On Specialisation

Ian Devlin
Sep 20, 2017 · 4 min read

Specialisation is nothing new, and it is required across many roles in many industries, and the web industry is no exception, although one particular area of specialisation in our industry tends to get ignored or seen as “easy” or “not technical enough”. I am of course talking about HTML and CSS, and this opinion needs to change.

Talking Point

Last week there were a number of excellent and thoughtful posts and Twitter threads on this very topic.

First of all Mandy Michael asks is there any value in people who cannot write JavaScript?, the answer to which of is course “yes” but her question arises from the devaluing of those whose main skills are HTML/CSS and she makes many good points.

Susan Robertson also talks about this problem in her article against the grain in which she mentions her difficulty in finding a new role because she chose to specialise in accessibility, HTML, and CSS, and struggles to find one that doesn’t demand extensive JavaScript knowledge, ignoring the fact that her skills are very important to any company that builds things for the web.

In a conversation on Twitter, Una Kravets wrote:

Don’t think I would’ve been hired w/o JS, but lots of times companies don’t realize their need for HTML/CSS specialty till they have it

And this is something that I also see in many job adverts out there for frontend developers, the demand is usually for excellent JavaScript and HTML/CSS, and within interviews, it has been my experience that knowledge of JavaScript and frameworks is tested heavily, and the HTML/CSS skills are largely ignored. It is assumed that you know them, and assumptions are dangerous.

One rarely sees companies advertising for frontend developers who specialise in HTML/CSS with sufficient JavaScript, which should be considered just as important.

Full Stack Developer

I used to consider myself a full stack developer, I knew enough about HTML, CSS, JavaScript, PHP, .NET, and SQL to be able to hold my own and carry out the work that was required of me.

But of course I didn’t have equal knowledge of all of these subjects, I was a jack-of-all-trades and master of none, as Brad Frost alludes to in his article full-stack developers:

The term “full-stack developer” implies that a developer is equally adept at both frontend code and backend code, but I’ve never in my personal experience witnessed anyone who truly fits that description.

For this reason, I am no longer a full stack developer, I chose to specialise in HTML, and the rest have moved on, leaving me behind. I still use some JavaScript, but I struggle to understand what is going on with the new way of doing things.

But this is ok. I specialised.

Before I got into frontend at all, I was a C developer, working with speech recognition, although even then I was designing and building interfaces for users to interact with, they were just using speech. Back then HTML/CSS always interested me, even though it was still in its infancy as an industry. But I chose to specialise more in frontend work, and I moved into this industry, leaving speech recognition behind. I specialised.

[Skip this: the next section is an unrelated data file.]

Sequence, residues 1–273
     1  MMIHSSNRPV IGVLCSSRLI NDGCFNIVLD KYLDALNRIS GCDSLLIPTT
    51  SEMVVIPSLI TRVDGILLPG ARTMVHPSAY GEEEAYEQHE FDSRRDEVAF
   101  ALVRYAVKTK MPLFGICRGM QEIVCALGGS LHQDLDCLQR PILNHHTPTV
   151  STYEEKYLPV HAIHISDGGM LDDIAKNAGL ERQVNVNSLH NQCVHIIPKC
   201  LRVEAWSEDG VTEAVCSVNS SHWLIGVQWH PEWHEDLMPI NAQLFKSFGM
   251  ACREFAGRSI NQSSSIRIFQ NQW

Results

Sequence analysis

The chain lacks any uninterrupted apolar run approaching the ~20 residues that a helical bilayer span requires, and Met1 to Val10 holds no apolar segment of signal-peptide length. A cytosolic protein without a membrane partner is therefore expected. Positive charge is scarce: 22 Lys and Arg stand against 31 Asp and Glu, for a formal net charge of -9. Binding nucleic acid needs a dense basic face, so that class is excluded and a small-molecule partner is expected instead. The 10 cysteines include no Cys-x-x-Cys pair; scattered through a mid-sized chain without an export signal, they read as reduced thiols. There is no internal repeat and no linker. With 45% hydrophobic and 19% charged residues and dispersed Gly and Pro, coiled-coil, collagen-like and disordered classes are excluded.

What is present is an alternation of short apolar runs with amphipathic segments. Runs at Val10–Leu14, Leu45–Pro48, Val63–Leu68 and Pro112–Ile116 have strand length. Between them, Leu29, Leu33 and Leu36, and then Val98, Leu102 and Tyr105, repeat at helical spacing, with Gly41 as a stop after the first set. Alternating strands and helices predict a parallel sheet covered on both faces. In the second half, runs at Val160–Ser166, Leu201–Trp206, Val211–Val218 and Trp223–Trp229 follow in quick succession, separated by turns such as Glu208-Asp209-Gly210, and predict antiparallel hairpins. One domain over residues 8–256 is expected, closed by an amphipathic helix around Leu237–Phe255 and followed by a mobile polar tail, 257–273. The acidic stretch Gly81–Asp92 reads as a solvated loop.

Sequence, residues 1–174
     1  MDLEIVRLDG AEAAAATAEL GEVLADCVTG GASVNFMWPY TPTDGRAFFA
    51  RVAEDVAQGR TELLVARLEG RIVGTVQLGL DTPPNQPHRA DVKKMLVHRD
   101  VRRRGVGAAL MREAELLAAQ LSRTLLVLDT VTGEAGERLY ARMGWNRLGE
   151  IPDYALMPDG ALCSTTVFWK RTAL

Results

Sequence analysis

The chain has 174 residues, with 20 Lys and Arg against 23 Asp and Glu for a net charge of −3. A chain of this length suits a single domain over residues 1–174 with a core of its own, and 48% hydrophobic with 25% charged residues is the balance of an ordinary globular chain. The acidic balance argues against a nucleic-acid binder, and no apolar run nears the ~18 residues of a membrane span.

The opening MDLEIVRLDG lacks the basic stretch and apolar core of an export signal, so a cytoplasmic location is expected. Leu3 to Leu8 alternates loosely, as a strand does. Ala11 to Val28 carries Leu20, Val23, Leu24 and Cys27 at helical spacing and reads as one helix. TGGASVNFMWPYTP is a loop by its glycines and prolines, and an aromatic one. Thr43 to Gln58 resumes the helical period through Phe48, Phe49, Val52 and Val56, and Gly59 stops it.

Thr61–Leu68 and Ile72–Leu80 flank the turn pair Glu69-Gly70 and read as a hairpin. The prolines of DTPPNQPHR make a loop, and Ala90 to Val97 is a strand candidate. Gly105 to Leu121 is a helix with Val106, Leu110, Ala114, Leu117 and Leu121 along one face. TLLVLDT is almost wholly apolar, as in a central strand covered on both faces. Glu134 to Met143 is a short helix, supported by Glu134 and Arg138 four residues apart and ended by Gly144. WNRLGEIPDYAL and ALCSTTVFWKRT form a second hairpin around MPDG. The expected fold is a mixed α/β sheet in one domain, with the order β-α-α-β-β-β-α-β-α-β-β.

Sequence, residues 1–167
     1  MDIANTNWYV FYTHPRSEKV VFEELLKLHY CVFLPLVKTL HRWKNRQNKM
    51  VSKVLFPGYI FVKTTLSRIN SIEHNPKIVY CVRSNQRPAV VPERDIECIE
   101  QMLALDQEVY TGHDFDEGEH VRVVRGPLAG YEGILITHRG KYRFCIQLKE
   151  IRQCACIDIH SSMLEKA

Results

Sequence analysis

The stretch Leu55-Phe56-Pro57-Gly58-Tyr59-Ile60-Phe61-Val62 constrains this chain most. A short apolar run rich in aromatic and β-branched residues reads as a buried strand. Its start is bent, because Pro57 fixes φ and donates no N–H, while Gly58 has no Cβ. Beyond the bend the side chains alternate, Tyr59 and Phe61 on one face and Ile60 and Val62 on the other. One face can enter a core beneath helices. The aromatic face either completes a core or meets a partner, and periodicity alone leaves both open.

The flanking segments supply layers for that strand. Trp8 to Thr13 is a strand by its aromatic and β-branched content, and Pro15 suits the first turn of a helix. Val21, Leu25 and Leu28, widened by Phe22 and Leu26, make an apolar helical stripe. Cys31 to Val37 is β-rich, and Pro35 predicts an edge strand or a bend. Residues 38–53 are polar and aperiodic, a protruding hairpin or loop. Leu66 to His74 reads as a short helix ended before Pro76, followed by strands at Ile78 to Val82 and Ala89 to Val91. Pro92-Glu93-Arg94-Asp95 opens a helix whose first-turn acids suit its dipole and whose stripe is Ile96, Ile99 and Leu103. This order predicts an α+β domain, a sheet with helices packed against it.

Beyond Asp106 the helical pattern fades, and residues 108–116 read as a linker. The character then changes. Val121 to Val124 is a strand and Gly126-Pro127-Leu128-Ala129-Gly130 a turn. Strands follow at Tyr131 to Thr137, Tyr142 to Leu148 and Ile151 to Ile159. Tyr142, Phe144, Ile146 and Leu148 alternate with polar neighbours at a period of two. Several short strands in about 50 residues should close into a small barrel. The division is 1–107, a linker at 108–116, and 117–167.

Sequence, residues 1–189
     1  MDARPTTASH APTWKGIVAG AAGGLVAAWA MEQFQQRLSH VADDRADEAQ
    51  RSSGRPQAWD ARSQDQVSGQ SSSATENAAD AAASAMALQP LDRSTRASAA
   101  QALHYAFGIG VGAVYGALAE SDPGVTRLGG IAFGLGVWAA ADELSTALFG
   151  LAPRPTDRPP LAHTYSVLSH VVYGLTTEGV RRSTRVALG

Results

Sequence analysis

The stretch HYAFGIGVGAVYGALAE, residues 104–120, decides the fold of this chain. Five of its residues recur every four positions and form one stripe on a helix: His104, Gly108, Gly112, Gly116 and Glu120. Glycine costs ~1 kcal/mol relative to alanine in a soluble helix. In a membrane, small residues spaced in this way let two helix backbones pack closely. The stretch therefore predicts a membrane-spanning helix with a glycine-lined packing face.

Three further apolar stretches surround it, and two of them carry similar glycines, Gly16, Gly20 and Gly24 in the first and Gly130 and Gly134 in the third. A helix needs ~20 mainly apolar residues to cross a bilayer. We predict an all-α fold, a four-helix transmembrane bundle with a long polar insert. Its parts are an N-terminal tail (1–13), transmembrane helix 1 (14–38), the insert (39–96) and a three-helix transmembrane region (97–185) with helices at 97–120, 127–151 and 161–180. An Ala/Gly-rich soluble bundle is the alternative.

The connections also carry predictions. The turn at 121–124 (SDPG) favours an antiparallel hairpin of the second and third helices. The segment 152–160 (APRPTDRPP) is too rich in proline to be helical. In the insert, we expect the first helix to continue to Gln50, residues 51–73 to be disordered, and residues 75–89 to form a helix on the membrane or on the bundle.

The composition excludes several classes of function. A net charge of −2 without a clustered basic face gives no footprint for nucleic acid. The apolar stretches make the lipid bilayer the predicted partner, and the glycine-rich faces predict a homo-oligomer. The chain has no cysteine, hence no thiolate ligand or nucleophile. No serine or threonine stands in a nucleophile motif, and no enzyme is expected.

Back then CSS was a lot simpler than it is today, but now it has become much more complicated, and having CSS specialists is no bad thing.

I am not one of these specialists, I am hesitant to use the new things that CSS has to offer, mainly due to browser compatibility issues. For example, I have only recently started to use Flexbox when building things, and I won’t use CSS Grid for a while. Perhaps I am too conservative, but I bide my time and let specialists work with these new things and I learn from them.

Respect

For me, HTML is more important, and this is what I choose to specialise in. Do I know everything that there is to know within HTML? No, of course not, but when I am unsure of how something might be marked up, I check, I ask others, read articles, and check the specification. I want to do it right, because if the HTML is semantically correct, then the chances of what I am building being more accessible increases, and that is something that has also become important to me.

When it comes to JavaScript, PHP, databases, or performance, I respect and defer to those who have chosen to specialise in those topics, for that is their speciality. All I ask is that others respect and defer to those of us have chosen to specialise in HTML and/or CSS.

As Belén wrote on Twitter:

And, above all, do respect the work of those who ARE specialized in coding HTML & CSS. They just chose a different language than you


Originally published at iandevlin.com.

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